India’s initiative to provide COVID-19 vaccines to other countries, including free doses, seems to not have gone down well with China, which is aiming for international goodwill by shipping its jabs after facing global outrage over its handling of the viral outbreak that started from Wuhan late in 2019.
The latest twist in "vaccine diplomacy’ comes amid reports of a Chinese state-backed hacking group launching a cyberattack on IT systems of Serum Institute of India, the world's largest vaccine manufacturer, and Hyderabad-based Bharat Biotech, which provided its first dose to inoculate Prime Minister Narendra Modi.
The real intent of the hackers is “exfiltrating intellectual property and getting a competitive advantage over Indian pharmaceutical companies”, cyber intelligence firm Cyfirma’s Chief Executive Kumar Ritesh, formerly a top cyber official with British foreign intelligence agency MI6, was quoted as saying in a Reuters report. Goldman Sachs-backed Cyfirma is based in Singapore and Tokyo.
Earlier China’s state media tried to discredit Indian vaccine makers even though these companies provide 60 percent of the jabs to the United Nations International Children’s Emergency Fund.
By March 9, India had supplied vaccines to 63 countries and to the United Nations health workers. Of the 57.9 million doses, 13 percent are grants, 58 percent are commercial sales and 28 percent are under the COVAX facility, an initiative of the World Health Organisation to provide fair and equitable access of COVID-19 vaccines to every country in the world.
“India's vaccine diplomacy stands out against the vaccine nationalism of some other rich countries. It has already earned India a lot of goodwill among the people of these countries.”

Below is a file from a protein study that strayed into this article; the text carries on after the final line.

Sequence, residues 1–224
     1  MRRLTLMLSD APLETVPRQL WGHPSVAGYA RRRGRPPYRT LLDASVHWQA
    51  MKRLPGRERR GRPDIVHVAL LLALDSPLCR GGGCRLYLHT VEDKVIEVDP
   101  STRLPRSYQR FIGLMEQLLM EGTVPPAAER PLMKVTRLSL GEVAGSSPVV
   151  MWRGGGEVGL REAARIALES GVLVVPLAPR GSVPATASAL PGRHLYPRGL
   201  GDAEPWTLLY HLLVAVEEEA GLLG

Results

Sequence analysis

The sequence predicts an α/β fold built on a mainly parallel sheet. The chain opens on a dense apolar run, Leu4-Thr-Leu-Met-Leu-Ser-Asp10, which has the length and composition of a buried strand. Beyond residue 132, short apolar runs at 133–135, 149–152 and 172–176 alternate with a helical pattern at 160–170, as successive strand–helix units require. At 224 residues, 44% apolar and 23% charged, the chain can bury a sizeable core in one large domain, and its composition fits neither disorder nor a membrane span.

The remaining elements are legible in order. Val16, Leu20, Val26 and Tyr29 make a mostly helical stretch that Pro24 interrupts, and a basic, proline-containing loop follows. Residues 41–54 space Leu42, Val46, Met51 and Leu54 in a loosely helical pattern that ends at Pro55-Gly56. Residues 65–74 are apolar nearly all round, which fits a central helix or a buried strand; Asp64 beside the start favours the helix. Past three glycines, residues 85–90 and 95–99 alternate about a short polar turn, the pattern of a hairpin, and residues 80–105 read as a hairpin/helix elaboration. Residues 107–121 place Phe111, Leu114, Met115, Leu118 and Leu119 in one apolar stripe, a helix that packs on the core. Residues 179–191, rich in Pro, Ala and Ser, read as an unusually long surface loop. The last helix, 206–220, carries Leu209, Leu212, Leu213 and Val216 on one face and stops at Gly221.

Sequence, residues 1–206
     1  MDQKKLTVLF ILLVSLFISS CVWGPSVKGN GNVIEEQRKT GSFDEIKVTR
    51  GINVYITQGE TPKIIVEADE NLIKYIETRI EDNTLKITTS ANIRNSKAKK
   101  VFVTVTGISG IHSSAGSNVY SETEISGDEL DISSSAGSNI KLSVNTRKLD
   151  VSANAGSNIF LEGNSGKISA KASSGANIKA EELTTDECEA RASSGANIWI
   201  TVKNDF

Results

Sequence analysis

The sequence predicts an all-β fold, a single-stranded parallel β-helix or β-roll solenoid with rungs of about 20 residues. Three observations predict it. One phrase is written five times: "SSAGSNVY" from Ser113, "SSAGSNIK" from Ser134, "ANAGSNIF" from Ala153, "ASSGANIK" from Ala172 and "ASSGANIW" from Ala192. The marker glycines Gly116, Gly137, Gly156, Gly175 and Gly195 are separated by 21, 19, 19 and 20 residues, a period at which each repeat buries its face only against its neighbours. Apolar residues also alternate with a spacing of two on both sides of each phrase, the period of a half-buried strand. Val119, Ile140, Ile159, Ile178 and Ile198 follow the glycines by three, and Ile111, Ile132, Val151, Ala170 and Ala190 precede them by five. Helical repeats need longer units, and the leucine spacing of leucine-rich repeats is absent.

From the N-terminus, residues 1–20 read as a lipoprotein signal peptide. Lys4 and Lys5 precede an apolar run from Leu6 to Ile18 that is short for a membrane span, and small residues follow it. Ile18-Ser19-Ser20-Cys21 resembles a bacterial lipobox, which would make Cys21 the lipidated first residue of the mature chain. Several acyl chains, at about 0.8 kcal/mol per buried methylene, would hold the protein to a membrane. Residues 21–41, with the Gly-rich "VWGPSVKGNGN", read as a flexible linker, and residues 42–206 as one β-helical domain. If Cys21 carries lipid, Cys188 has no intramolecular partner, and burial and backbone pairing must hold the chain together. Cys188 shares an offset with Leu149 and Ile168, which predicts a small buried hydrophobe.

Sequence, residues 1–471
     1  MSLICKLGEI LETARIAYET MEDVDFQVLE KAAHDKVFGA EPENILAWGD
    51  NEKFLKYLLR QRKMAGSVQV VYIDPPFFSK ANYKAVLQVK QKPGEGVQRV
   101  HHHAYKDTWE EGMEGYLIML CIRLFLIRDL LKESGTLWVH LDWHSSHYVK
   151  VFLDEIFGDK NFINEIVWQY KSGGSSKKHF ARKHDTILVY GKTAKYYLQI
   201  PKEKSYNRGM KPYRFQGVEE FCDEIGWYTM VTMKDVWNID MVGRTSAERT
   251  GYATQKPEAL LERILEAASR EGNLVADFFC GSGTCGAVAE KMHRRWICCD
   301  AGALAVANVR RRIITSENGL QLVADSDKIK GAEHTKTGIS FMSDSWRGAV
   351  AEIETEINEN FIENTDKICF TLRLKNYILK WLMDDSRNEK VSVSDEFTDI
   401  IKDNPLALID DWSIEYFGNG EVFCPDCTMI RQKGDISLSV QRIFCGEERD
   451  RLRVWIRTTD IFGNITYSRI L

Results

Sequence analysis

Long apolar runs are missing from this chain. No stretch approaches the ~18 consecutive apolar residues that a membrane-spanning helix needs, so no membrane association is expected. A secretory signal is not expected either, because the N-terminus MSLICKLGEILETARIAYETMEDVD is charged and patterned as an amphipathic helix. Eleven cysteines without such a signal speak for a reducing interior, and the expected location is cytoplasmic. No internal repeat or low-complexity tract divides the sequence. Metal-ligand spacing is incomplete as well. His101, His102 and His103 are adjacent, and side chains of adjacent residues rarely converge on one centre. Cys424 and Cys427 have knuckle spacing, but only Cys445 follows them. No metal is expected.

China, too, has donated or is donating jabs to 69 developing countries and is exporting vaccines to 43 countries, Wang Yi, China’s State Councilor and foreign minister, said during a press meet on March 7.
“Forty-three million shots of the COVID-19 vaccine developed by Chinese company Sinopharm have been administrated worldwide, with 34 million in China,” The Global Times reported, citing China Central Television on February 20.
Some of the countries that have received vaccine aid from China include Pakistan, Cambodia, Laos, Equatorial Guinea, Zimbabwe, Mongolia and Belarus. Serbia, Hungary, Peru, Chile, Mexico, Colombia, Morocco, Senegal, UAE and Turkey too have got Chinese jabs.
“China opposes ‘vaccine nationalism’. We reject any ‘vaccine divide’ or any attempt to politicise vaccine cooperation,” said Wang, responding to a question on vaccine diplomacy. “We hope that all capable countries will do what they can to provide vaccines to countries in need, especially developing countries, so that people all over the world will have access to affordable vaccines, vaccines that truly benefit the people.”
China is indeed competing with India on vaccine diplomacy, says Sahasrabuddhe. “However, it is officially unclear how many doses it has donated free and how many are being sold to various countries in the world. But it has its own way of winning confidence among countries.”
She said China had managed to get the "holy and halal" certification from the Indonesian Ulema Council for its vaccine produced by Sinovac Biotech.
“Questions over the source of the outbreak of the pandemic had damaged China's image and its international stature to a certain extent, during the peak of the pandemic. However, vaccine diplomacy seems to be working with China too and it may be able to win the confidence and goodwill of many Asian and African countries again,” she said.